- The Washington Times - Sunday, January 25, 2009

Day by day

Some forces are still bigger than everybody.

Lofty observers are now applying the same historic standard to the two opposing circumstances of President Obama and former President George W. Bush:

“Only time will tell.”

Will Mr. Bush have a positive legacy? Will Mr. Obama succeed in his endeavors?

Only time will tell, the wise men sayeth.

“Time will tell if he lives up to the hype,” says historian and author Richard Brookhiser, of Mr. Obama.

“Hype, which trickles down from ideologues and publicists, is a less honest phenomenon, but it, too, has a long pedigree in this country. Journalists as a class crank it out whenever they see a politician who, they imagine, resembles themselves,” Mr. Brookhiser adds.

The time factor also ticks for Mr. Bush, but for a different reason.

“It will matter 40 years down the road when it’s clear whether the Middle East did stabilize. Then historians will be asking if President George W. Bush was the man who broke all those eggs to make that omelet,” said Bruce Buchanan, a presidential historian with the University of Texas at Austin.

Press on

Oh, joy. Someone has finally figured out what a “good reporter” is worth. Media analyst Mitch Ratcliffe reasons that a properly paid reporter could turn out to be a more ethical reporter, what with all the political bias out there these days.

Well, maybe.

“The fully loaded cost of a great reporter doing great work, then, falls somewhere in the $180,000 range,” Mr. Ratcliffe says.

His total includes $130,000 salary and benefits, $4,800 a year in subscriptions and other information sources, $2,500 a month in travel, $1,250 a month in legal and insurance coverage — which equals $179,800, and that’s before the cost of “IT, telecom and office space,” he notes.

Yes. Uh-huh. Well, maybe.

The median reporter’s salary in America is currently $36,689, at least according to CNNMoney.com.

Frame by frame

Over three-fourths of the newspapers around the country — including The Washington Times — printed special inauguration editions for readers who want a commemorative souvenir of Mr. Obama’s proverbial “moment.”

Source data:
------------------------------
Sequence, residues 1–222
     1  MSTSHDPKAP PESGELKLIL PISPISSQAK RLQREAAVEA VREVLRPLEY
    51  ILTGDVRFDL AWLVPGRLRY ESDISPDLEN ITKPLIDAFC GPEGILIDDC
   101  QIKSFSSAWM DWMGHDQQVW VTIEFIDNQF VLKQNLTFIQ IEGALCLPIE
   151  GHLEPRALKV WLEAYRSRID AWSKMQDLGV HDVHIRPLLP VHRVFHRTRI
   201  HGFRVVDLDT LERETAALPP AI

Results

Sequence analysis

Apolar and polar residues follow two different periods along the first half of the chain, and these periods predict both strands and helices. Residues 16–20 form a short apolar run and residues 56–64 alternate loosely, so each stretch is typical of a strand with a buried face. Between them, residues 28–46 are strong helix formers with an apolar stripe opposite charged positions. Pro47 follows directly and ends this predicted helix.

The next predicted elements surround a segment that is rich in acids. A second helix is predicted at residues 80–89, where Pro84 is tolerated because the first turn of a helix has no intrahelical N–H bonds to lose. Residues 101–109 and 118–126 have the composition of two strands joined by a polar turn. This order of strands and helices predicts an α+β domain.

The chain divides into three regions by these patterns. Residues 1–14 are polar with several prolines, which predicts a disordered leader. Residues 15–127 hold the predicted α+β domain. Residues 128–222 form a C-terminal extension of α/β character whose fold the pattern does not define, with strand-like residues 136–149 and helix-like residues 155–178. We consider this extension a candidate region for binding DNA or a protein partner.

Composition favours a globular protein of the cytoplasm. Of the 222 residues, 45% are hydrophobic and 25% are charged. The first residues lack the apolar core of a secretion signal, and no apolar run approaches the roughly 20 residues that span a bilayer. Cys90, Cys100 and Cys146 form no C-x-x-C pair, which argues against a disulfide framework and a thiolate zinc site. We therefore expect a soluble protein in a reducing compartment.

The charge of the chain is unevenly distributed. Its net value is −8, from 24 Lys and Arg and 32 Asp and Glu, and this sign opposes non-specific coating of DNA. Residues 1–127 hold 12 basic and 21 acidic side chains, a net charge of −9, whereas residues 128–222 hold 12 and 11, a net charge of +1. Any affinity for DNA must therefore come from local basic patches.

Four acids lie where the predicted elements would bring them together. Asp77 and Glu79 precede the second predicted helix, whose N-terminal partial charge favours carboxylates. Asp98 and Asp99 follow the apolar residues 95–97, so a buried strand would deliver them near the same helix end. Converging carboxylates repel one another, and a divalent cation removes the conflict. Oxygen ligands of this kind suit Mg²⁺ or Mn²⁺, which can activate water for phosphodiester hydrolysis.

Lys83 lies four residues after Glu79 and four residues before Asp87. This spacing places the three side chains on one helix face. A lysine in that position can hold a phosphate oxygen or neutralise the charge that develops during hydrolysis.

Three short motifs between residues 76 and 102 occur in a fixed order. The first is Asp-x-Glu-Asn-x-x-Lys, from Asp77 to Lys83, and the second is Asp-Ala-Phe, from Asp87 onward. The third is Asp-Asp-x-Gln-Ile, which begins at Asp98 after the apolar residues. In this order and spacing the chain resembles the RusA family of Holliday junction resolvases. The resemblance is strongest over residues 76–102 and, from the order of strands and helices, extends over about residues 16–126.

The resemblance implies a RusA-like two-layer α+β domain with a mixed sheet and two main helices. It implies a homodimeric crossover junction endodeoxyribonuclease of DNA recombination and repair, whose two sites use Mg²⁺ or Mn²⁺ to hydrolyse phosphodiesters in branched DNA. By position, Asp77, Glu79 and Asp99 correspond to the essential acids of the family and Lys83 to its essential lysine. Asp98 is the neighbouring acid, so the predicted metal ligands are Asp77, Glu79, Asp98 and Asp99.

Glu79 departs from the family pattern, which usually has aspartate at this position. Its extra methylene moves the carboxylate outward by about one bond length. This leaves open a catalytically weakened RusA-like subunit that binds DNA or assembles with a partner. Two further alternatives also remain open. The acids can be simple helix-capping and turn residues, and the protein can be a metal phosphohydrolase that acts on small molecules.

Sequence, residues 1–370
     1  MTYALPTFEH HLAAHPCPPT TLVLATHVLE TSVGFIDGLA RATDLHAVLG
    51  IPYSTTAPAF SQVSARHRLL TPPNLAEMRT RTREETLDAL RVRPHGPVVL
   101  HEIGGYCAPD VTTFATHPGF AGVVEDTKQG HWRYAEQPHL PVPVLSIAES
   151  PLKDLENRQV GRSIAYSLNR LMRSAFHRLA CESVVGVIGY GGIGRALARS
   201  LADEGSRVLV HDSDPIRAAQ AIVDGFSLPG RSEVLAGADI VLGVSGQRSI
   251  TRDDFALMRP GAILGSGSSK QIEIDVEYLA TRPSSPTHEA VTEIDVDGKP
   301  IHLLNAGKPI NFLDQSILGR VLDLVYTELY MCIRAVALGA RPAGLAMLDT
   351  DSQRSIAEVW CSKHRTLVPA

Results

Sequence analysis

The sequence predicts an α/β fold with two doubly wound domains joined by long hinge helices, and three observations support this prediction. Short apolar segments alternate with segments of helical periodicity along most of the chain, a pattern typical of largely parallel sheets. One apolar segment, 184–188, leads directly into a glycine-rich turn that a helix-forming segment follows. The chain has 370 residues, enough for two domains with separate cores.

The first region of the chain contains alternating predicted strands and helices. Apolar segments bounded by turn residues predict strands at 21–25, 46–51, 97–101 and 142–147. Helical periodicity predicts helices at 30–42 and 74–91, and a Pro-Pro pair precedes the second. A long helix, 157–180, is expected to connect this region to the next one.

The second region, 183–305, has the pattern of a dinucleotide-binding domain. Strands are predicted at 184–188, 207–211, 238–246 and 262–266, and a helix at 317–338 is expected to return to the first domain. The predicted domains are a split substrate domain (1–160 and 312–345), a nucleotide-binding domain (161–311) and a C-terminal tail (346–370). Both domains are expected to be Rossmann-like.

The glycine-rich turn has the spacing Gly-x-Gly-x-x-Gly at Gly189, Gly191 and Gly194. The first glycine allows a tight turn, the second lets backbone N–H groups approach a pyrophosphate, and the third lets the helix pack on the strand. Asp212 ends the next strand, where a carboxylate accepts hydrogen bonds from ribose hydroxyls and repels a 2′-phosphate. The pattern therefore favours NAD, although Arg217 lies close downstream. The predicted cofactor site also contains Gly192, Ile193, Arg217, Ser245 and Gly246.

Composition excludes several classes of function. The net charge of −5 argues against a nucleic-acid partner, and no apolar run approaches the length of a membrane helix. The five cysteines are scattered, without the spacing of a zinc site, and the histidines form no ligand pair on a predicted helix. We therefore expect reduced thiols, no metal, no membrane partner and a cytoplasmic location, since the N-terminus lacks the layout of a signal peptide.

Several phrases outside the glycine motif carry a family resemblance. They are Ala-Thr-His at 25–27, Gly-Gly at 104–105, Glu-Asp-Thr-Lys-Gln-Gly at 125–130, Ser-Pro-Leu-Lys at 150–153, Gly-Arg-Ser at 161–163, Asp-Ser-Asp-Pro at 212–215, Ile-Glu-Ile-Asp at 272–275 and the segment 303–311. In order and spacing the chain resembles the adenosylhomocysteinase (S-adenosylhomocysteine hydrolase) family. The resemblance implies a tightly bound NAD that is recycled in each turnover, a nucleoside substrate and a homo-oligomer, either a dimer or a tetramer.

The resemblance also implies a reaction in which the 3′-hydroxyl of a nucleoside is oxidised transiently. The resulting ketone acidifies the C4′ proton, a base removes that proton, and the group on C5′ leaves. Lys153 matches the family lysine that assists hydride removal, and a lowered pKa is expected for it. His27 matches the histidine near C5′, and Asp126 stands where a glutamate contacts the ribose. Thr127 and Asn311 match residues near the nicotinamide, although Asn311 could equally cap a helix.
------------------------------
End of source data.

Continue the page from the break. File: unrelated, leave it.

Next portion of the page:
What to do with that special edition now?

Michaels, the nation’s largest custom framer, says it will help people preserve those keepsake newspapers with a $99.99 custom framing special for newspaper front pages. The offer is good through the end of the month.

The deal includes Artcare mats and mount boards that protect from “air pollution, acids and deterioration and are used by museums to preserve historic documents,” the craft store says — along with TruVue Conversation glass that shields from damaging UV rays.

Double and triple mats are also available for a few more dollars. For information, consult www.michaels.com

Quotes of note

(All the titles of cover stories from new Obama-themed magazines.)

“What now?” — Esquire

“Don’t Look Down” — Mother Jones

“The End of White America?” — The Atlantic

“A New Circus Comes to Town” — The Weekly Standard.

Days of yore

We’ve long honored our own. On this day in 1776, the Continental Congress authorized the first national memorial in honor of Brig. Gen. Richard Montgomery, killed during an assault on Quebec a few weeks earlier.

Soviet premier Nikita Khrushchev got all cuddly with the U.S. on this day in 1956, meanwhile, announcing during a lengthy press interview that America and the USSR “should have disarmament and we should think how to avoid a new war.” He also praised the sincerity of President Eisenhower. A reality check followed: Soviet troops invaded Hungary later that year.

More than 50 Americans held hostage by Iran for 444 days arrived in the United States and were reunited with their families on this day 28 years ago.

And on Jan. 25, 1993, a gunman shot and killed two and wounded three CIA employees outside the agency’s gates; Pakistani national Mir Aimal Kansi fled the country but was apprehended four years later by FBI agents. He was later convicted of the shootings and died of lethal injection in 2002.

By the numbers

39 percent of Americans say it is too easy to get an abortion in the U.S.

18 percent think it’s too hard to get an abortion.

25 percent think the “level of difficulty” is about right; 18 percent are not sure.

74 percent say they have known someone who has been pregnant as a teenager.

49 percent think people should wait until they get married before they have sex.

38 percent disagree, 13 percent are undecided.

35 percent say it’s too easy for teenagers to get condoms; 16 percent say it’s too difficult.

That figure is 51 percent among Republicans, 30 percent among Democrats.

Source: A Rasmussen Reports survey of 1,000 adults conducted Jan. 12 and 13.

Contact Jennifer Harper at jharper@washingtontimes.com or 202/636-3085.

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